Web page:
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Lassoing Tigers by the Tail
By Sue Cocking | Guy Harvey Outpost
It looked more like the marine version of a rodeo than a scientific expedition in the clear, shallow waters of Tiger Beach off West End, Grand Bahama Island in the spring of 2009. Dr. Guy Harvey– renowned marine artist, scientist, conservationist and cinematographer–and a handful of colleagues were trying to capture a 9 1/2 -foot tiger shark– one of several for which the shoal was named– so they could implant it with an acoustic transmitter tag. The tag emits a signature beep that is picked up by an underwater receiver installed in the area. Whenever a tagged shark passes within 300-500 meters of the receiver, it stores the signal to be downloaded onto a computer. So far, the shark had successfully eluded the scientists, but they weren’t giving up.
Not nearly as high-tech as today’s satellite tracking tags, which can follow a shark’s moment-by-moment travel for up to several years, acoustic tags are nonetheless useful, showing when and how often an animal uses a specific area. They are also a lot cheaper than the $3,500 satellite tag.
“We should tag every one of these animals to see where they go,” Harvey said. “The ultimate would be to have the species protected or–if not– this area of the Bahama Bank could be designated no shark fishing. This is the beginning of what will hopefully be a 20-year study where we involve the Bahamian government, researchers from various institutions, dive operators.”
Eventually, Harvey– along with Dr. Mahmood Shivji, professor and director of Nova Southeastern University’s Guy Harvey Research Institute and their fellow researchers–managed to lasso their target underwater, bring it to the dive platform of their boat and implant the tag in its belly. It swam away smartly.
Fast-forward six years to 2015 and you’ll find that Harvey’s tiger shark research and conservation efforts have reaped a handsome return. Expanding well beyond the Bahamas, recent long-term satellite tagging data reported in the June 9 issue of the journal Scientific Reports details previously unknown migration patterns covering thousands of miles between completely different ecosystems.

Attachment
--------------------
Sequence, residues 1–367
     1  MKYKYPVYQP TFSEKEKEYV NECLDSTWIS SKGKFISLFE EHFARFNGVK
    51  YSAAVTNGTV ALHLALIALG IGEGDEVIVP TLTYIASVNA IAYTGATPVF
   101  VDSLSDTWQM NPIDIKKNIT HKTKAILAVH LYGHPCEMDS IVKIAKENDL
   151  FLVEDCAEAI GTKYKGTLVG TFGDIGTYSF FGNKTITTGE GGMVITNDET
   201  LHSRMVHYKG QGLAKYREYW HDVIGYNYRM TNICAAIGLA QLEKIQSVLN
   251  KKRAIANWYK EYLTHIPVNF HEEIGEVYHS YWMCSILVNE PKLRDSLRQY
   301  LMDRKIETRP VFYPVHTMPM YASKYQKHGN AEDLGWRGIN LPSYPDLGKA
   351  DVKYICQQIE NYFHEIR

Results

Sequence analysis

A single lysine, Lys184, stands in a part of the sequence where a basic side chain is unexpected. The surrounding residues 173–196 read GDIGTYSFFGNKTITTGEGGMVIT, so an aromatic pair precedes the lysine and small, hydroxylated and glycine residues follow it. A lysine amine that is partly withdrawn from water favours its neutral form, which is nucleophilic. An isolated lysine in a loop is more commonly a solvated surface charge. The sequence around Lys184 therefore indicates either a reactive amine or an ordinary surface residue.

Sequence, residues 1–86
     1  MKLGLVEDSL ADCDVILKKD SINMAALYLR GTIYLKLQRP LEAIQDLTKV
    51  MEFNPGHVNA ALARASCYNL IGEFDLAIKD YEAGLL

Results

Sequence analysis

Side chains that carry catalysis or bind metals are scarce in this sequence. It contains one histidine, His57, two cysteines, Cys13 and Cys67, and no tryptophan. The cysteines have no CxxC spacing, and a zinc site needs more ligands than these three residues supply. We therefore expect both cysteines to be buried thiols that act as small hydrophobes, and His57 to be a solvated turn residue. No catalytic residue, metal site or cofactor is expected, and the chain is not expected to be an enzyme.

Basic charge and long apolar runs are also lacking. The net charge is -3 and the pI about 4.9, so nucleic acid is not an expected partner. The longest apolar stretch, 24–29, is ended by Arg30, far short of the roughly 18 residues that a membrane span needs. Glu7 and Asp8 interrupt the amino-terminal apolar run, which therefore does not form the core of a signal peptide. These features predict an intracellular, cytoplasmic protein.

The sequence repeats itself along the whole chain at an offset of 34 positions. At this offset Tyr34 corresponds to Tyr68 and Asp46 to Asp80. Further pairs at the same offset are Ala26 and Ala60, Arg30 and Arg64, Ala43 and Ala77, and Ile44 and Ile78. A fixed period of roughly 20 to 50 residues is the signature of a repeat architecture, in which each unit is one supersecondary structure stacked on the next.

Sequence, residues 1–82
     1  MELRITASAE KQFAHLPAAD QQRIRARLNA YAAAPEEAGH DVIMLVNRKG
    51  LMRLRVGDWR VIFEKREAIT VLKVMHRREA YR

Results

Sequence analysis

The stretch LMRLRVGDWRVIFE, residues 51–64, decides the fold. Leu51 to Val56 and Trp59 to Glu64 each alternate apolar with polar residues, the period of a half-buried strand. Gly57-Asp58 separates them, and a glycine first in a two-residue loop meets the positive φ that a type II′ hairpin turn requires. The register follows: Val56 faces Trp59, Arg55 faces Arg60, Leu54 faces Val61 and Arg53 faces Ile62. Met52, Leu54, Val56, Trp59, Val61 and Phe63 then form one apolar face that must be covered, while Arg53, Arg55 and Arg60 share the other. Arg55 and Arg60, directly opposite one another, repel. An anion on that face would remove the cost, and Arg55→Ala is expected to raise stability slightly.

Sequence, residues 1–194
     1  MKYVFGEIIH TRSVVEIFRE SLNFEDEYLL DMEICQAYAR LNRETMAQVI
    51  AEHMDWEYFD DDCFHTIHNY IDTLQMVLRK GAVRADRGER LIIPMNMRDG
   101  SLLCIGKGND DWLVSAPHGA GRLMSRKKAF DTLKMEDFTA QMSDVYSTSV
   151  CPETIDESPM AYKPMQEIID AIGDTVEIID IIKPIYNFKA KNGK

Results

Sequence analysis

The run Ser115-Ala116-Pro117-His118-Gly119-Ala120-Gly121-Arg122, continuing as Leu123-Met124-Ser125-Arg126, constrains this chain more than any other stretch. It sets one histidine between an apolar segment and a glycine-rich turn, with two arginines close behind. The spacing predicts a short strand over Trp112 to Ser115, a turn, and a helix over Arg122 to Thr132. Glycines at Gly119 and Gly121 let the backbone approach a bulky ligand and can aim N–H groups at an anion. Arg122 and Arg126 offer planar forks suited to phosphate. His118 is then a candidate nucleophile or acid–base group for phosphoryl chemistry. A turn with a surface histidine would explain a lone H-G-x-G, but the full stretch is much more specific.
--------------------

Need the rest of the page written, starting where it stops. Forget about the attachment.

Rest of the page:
The study– led by Nova Southeastern University scientists James Lea, Brad Wetherbee and Shivji and co-authored by Harvey– found that tigers tagged in Bermuda travelled more than 7,500 kilometers round-trip between the open waters of the mid-North Atlantic and the coral reefs of the Bahamas and Caribbean each year. Like snowbirds, the male sharks spent winters in warm waters, headed as far north as Connecticut in summer, then returned to the same favorite winter hang-outs in the tropics.
One shark named Harry Lindo covered the longest tracked distance–27,000 miles– ever documented for a tiger.
For Harvey, Shivji and the other scientists, the findings have profound implications for tiger shark conservation. The animals, listed as near-threatened by the International Union for the Conservation of Nature, are protected from harvest in Bahamian and Florida waters. But as a target in the lucrative shark fin soup trade, they don’t enjoy the same safe haven in other waters where they travel.
Said Harvey: “Understanding how these animals use the oceans is the first step toward effective conservation. Protecting migratory species is a great challenge because they can be found in such a wide area. Protecting the areas where animals such as tiger sharks spend the most time is a tractable goal once those areas have been identified.”
To track the movement of the tiger sharks tagged by the Guy Harvey Research Institute, visit the GHRI shark tracking web site.